» Advertising job openings.
» Interviewing.
» Creating and updating job descriptions.
» Communicating performance expectations.
» Monitoring market wage rates.
» Dismissing non-performers.
» Developing employees’ skills
» Rewarding good performance.
» Selecting the right people for promotion.



The purpose of your planning systems is to eliminate negative surprises by proactively addressing problems before they arise. You need systems for:

» Determining which markets you are going to pursue.
» Creating your annual budget.
» Creating a cash flow budget.
» Increasing your bonding capacity.
» Planning project completion.
» Scheduling your work crews.
» Determining when to buy equipment.



The purpose of tracking systems is to make sure your business is performing as you need it to. Your tracking system should be monitoring the following items:

» Expenses vs budget (job and company)
» Revenue vs budget
» Gross profit vs budget (job and company)
» Labor productivity (job and company)
» Advertising effectiveness
» Selling effectiveness
» On-time completion
» Employee performance
» Equipment costs
» Labor time by primary tasks
» Receivables outstanding
» Sales backlog
» Safety efforts and lost time injuries
» Estimating accuracy
» Market-up success
» Re-work



The purpose of financial control systems is to make sure that your business is on solid financial ground. You need systems for:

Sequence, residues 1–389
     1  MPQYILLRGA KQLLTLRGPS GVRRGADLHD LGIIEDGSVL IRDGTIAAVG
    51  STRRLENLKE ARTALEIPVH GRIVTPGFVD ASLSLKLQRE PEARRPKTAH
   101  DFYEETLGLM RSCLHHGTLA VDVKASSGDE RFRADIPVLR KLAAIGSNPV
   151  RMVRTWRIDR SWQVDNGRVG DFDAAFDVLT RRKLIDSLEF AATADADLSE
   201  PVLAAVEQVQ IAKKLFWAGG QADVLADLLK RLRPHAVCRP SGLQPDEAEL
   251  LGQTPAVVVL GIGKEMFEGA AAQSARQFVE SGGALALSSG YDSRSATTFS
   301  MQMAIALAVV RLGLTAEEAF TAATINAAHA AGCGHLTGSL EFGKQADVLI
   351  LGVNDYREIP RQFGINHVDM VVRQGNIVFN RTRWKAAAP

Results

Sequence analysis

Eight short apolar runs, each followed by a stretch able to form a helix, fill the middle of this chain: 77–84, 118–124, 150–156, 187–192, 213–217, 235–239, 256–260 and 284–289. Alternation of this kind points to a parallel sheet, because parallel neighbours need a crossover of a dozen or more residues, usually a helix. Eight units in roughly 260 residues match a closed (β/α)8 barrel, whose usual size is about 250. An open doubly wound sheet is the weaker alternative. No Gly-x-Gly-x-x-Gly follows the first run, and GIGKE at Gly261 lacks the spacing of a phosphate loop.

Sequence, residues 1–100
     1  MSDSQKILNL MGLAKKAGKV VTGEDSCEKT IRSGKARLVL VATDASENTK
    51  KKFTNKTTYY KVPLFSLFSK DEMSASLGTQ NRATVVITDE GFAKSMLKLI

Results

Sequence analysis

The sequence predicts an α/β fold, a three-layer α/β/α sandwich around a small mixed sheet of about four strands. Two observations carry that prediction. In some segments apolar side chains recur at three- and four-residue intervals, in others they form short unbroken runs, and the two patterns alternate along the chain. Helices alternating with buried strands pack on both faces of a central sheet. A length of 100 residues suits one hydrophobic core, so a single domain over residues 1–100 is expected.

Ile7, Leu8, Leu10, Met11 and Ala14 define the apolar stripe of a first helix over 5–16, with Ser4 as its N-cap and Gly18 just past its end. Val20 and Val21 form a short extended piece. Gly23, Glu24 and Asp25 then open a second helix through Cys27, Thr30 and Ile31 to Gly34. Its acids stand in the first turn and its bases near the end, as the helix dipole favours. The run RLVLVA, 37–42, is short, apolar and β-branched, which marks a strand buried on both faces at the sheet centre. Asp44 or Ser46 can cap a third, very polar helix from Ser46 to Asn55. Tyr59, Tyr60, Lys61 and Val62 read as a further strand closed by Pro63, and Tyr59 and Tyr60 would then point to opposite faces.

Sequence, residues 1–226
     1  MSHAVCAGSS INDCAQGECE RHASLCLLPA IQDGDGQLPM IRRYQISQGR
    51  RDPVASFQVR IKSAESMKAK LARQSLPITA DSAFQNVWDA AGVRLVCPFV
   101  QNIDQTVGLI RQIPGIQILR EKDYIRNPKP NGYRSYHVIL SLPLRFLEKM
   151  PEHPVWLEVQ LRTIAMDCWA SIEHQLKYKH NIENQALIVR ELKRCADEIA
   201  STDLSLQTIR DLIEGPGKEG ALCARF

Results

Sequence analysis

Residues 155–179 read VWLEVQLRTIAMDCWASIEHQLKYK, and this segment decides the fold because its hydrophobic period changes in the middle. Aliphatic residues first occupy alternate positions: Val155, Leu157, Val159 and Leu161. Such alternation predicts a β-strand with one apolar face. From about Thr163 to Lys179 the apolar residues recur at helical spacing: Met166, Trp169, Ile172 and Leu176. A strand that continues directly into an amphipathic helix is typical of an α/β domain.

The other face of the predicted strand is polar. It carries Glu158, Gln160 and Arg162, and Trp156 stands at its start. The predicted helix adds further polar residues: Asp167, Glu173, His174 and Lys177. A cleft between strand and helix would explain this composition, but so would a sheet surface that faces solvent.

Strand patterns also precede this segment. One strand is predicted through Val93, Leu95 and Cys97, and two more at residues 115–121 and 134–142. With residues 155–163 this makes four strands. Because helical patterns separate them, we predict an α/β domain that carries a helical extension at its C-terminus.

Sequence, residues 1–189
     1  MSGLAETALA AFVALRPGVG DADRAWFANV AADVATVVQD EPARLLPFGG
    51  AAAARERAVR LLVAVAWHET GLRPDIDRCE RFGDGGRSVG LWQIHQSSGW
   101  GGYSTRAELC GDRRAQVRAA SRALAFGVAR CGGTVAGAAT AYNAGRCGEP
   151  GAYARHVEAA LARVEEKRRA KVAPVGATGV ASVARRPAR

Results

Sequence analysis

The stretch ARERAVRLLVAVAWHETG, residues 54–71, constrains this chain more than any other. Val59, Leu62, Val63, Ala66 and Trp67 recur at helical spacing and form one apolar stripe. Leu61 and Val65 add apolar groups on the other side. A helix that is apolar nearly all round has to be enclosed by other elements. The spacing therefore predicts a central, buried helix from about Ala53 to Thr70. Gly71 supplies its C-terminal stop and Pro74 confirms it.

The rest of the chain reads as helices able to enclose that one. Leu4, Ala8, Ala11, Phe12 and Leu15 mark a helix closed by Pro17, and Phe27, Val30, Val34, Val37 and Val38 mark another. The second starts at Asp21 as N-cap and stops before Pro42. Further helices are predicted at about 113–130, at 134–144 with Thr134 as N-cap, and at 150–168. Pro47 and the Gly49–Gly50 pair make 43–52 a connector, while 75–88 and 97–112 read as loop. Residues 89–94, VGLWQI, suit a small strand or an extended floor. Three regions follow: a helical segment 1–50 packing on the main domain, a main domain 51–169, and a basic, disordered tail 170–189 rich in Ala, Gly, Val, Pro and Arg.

» Developing relationships with bankers.
» Developing relationships with bond and insurance agents.
» Qualifying and evaluating your CPA.
» Getting the proper business licenses.
» Processing payroll.
» Making scheduled federal and state tax payments.
» Managing your cash.
» Verifying money is not being improperly removed from the company.
» Ensuring suppliers' bills are legitimate.
» Collecting late receivables.
» Paying bills on time.
» Paying employees appropriately.
» Filing liens and claims.
» Collecting employee information.
» Sending out 1099s.
» Getting the proper insurance coverage.
» Verifying lease terms and payments are proper.
» Building and managing your credit line.

Quite a list, eh? Heck, I'm sure I've left a few out. Nobody ever said running a business was easy.

One final comment. You can’t prevent problems if you don’t have a system or process installed to prevent them.

If you have a problem in your business, check to see whether you have created the system that should be preventing it. If not, create the system, then test it to see whether it permanently resolves the problem. If it doesn’t, improve your system.

Until next week, good luck with your business.

Ron Roberts,
The Contractor's Business Coach

P.S. Share this with your contractor friends. They will thank you for it.


Independent Lease Review, Inc.
Experts in equipment lease negotiation and contracts.
Synthesis, Inc.
Construction accounting, lead generation, and customer relationship management software consultants and trainers.